Wednesday, December 13, 2017

Hell on Horseback - Únětice Armies? (Harald Meller, 2017)

There is an image of Early Bronze Age warriors as solitary figures who seldomly engaged in combat, but looked the part. When they did go to combat, it was some sort of insipid, highly-individualized type of combat without any real purpose other than general cock-strutting and virtue broadcasting.  Heads spinning off shoulders and torched landscapes would have been an implausible narrative for this period.

"Asgårdsreien", by Peter Nicolai Arbo, 1872.
To a degree, Late Neolithic warfare continues to be viewed as an age of loner heros, including in this paper in Cambridge "Antiquity" by Harald Meller.  But Meller's paper is one of several recent papers by prominent archaeologists that are starting to question the prevailing view of European warfare as limited ceremonial skirmishing rather than a now more plausible idea of large-scale, organized warfare in the Early Bronze Age.  He examines the widespread Únětice Culture and questions the interpretation of the ritual deposits of bronze axe hoards.

Most interesting is what Meller interprets to be Unetice barracks at Dermsdorf in Sömmerda District.  The longhouse is unusually long and could be a kind of communal squad bay for the 98 axes and two daggers deposited at its door.  In some ways, a class distinction between weapons of modern 'officers' and 'enlisted', common to Western Europe could be interpreted in this way.  Strangely the number is about the size of a Roman centuria and similar descended units.  He speculates that within sight of the Leubingen burial mound, other barracks may have been seen in the landscape.

Next, he discusses the division of arms in other hoards and suggests the percentages are indicative of a military unit structure; axes, halberds, daggers and (the likely ceremonial) double-axes.  A good illustration of this social division of arms in an infantry unit can be seen in the homecoming video of the 1st Battalion Scots Guards.  Keep in mind though, that this 'European' social division of arms within a unit is different from a Combined Arms Concept, although that may be further developed in the future as well.

After the pipe band passes, you'll see officers equipped with service pistols and holding their ceremonial swords and following by basic riflemen.  (see below)

Meller continues by mathematically breaking down other hoards and envisions a rank structure not unlike those of historical Europe.  I think he makes an interesting and very powerful argument.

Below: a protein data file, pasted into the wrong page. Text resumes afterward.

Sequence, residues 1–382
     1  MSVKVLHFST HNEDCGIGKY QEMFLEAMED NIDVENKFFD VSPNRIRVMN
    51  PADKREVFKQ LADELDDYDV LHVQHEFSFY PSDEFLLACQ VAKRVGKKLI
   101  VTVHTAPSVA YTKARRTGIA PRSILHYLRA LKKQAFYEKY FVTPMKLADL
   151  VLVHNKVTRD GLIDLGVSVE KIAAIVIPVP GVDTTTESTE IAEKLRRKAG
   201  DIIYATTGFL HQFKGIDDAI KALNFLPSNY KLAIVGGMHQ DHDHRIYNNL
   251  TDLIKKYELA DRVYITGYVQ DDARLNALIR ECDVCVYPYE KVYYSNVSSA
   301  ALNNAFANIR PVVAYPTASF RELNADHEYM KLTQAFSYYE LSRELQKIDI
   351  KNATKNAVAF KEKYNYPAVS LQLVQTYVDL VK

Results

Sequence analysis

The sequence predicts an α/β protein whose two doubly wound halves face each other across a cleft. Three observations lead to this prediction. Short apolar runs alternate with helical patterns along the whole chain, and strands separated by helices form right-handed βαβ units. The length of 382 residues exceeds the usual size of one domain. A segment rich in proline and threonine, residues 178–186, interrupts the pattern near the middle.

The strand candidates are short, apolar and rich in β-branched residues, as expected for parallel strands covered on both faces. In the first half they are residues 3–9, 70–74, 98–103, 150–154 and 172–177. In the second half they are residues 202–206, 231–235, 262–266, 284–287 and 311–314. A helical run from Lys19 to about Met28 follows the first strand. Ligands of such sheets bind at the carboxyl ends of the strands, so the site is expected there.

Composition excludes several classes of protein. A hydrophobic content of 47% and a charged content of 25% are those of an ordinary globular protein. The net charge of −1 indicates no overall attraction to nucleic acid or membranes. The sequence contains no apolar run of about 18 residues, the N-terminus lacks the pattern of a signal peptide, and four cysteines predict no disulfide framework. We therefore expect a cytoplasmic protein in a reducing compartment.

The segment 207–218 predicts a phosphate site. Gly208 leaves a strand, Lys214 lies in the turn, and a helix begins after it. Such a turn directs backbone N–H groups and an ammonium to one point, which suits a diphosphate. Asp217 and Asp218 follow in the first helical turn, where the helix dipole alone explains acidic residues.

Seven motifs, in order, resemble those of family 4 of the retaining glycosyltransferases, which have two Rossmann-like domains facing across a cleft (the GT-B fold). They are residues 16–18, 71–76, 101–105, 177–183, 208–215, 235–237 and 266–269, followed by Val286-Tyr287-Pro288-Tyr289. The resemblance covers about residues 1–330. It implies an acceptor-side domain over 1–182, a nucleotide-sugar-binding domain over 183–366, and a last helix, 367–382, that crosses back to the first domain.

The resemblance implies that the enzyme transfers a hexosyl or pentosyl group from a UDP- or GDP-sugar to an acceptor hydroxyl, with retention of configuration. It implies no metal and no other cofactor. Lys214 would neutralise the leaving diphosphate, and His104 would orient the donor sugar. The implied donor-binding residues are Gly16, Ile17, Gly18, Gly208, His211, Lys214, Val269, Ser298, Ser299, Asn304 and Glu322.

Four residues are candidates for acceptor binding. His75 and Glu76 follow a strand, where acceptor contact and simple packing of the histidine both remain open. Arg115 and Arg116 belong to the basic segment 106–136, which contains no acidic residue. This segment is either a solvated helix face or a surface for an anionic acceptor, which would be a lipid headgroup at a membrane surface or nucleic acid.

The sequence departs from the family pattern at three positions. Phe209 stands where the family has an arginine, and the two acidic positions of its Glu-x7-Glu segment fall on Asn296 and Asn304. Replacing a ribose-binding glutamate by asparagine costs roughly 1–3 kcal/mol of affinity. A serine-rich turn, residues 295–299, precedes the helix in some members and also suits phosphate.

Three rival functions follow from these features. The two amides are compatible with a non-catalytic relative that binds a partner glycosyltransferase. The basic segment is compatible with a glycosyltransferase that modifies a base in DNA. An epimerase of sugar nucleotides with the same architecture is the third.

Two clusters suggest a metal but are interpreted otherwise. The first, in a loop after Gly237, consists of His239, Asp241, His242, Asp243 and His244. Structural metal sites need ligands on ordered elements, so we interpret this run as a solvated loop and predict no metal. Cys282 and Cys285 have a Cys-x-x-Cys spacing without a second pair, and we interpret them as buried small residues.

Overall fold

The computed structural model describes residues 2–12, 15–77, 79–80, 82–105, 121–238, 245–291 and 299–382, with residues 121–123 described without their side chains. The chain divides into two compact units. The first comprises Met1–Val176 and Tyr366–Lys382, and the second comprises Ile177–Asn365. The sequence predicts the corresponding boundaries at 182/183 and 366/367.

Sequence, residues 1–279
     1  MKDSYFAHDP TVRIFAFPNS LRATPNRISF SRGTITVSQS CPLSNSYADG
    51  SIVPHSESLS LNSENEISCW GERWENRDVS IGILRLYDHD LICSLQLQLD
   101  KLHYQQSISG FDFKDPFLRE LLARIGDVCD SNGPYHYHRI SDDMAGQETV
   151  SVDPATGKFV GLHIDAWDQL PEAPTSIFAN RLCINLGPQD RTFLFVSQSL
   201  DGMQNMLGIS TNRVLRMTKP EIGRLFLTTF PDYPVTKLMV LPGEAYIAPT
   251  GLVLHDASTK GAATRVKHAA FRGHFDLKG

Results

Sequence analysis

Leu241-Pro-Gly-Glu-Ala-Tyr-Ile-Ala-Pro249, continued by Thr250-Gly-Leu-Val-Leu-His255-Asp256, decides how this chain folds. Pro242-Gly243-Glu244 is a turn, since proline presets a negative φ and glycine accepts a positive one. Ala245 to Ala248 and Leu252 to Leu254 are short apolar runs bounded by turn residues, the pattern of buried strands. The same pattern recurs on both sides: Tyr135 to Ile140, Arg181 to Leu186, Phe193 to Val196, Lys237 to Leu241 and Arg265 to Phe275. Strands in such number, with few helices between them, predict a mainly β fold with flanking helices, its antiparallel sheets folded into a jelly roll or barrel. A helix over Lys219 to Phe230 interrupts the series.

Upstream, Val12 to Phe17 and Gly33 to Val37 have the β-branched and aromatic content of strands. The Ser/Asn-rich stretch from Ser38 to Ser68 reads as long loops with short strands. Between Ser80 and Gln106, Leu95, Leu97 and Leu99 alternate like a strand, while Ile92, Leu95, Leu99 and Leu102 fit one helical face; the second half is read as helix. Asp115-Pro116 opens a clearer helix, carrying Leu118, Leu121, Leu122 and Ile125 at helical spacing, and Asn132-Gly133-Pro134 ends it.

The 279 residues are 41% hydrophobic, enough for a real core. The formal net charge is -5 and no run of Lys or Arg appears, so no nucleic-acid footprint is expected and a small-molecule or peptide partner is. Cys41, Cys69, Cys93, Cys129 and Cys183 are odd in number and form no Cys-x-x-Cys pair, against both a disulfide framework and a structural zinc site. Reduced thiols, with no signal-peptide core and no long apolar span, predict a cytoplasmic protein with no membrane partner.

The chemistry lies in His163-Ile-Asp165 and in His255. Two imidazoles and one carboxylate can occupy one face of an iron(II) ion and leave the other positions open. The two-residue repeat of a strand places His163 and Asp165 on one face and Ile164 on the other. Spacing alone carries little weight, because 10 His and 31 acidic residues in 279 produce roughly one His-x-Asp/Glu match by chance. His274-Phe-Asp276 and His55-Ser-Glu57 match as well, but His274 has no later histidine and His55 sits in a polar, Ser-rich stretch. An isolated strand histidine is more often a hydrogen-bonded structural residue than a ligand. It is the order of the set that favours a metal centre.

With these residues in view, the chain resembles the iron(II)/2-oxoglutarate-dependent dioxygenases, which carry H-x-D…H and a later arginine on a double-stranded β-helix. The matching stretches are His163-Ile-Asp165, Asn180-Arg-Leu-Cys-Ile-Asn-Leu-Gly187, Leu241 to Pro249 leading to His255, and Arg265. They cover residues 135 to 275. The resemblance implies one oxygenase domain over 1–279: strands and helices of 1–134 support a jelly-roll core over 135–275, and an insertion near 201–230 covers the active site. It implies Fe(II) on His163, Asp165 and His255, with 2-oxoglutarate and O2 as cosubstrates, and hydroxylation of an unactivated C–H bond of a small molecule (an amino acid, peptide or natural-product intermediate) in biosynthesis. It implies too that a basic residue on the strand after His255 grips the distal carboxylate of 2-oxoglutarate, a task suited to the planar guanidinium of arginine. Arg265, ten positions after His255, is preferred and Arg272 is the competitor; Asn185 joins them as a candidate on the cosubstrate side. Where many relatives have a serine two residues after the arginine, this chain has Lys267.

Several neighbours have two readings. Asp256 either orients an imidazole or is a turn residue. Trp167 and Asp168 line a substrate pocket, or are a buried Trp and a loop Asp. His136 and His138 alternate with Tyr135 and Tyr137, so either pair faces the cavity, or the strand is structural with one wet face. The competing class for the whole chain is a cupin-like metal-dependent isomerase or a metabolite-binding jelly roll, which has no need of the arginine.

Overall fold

There are now several important papers queued up by influential archaeologists regarding the magnitude and organization of warfare in the Early Bronze Age.  Horn and Christiansen have a paper that may already be out regarding Bronze Age warfare.  Christian Horn has a very comprehensive paper on type-use of halbards as well that I hope to get to at a later date. 

"Armies in the Early Bronze Age? An alternative interpretation of Únětice Culture axe hoards" Harald Meller, Antiquity, Volume 91, Issue 360.December 2017 , pp. 1529-1545


"The Early Bronze Age Únětice Culture in central Germany was a highly stratified society with a ruling class of ‘princes’, as evidenced by the famous burials at Leubingen and Helmsdorf, and the newly excavated burial mound Bornhöck near Dieskau. To investigate the notion of Únětice military organisation, this article presents a new interpretation of the numerous weapons hoards recovered from the region. Hoard deposition and composition from central Germany strongly suggests a shift from a Late Neolithic culture of ‘warrior heroes’ to the creation of organised standing armies of professional soldiers under the control of ruling elites."


  1. In an earlier note I sent, I tried to point out that it would be hard to tell a standing army serving "a ruling class of princes" from a gang of raiders led by a head thug who might be talked into being a "prince" for a piece of the action -- instead of just raiding to get a piece of the action. Those barracks and hoards might have been permanent garrisons protecting a royal residence or a trade route. But they could also have been a staging areas for a force that owed nothing to no one. Or like Jomsvikings just looking for a safe plave to set up pirate headquarters.

    THe idea of a standing army -- a group that was not called up as needed, but were soldiers full time -- can exist outside of a stratified society or princes. Princes would have been more likely to use an as-need army to protect themselves. It cost less.

    But armies with regulation gear and marching orders is much older than Unetice.
    And warrior heroes probably have always been princely public relations,

    SEE eg the armies pictured on the Stele of Vultures from the Near East

    1. That makes a lot sense. As you've said, armies can exist outside of the state or normal society when they are self-serving. It's also an interesting question to ask, 'which came first, the state or the army?'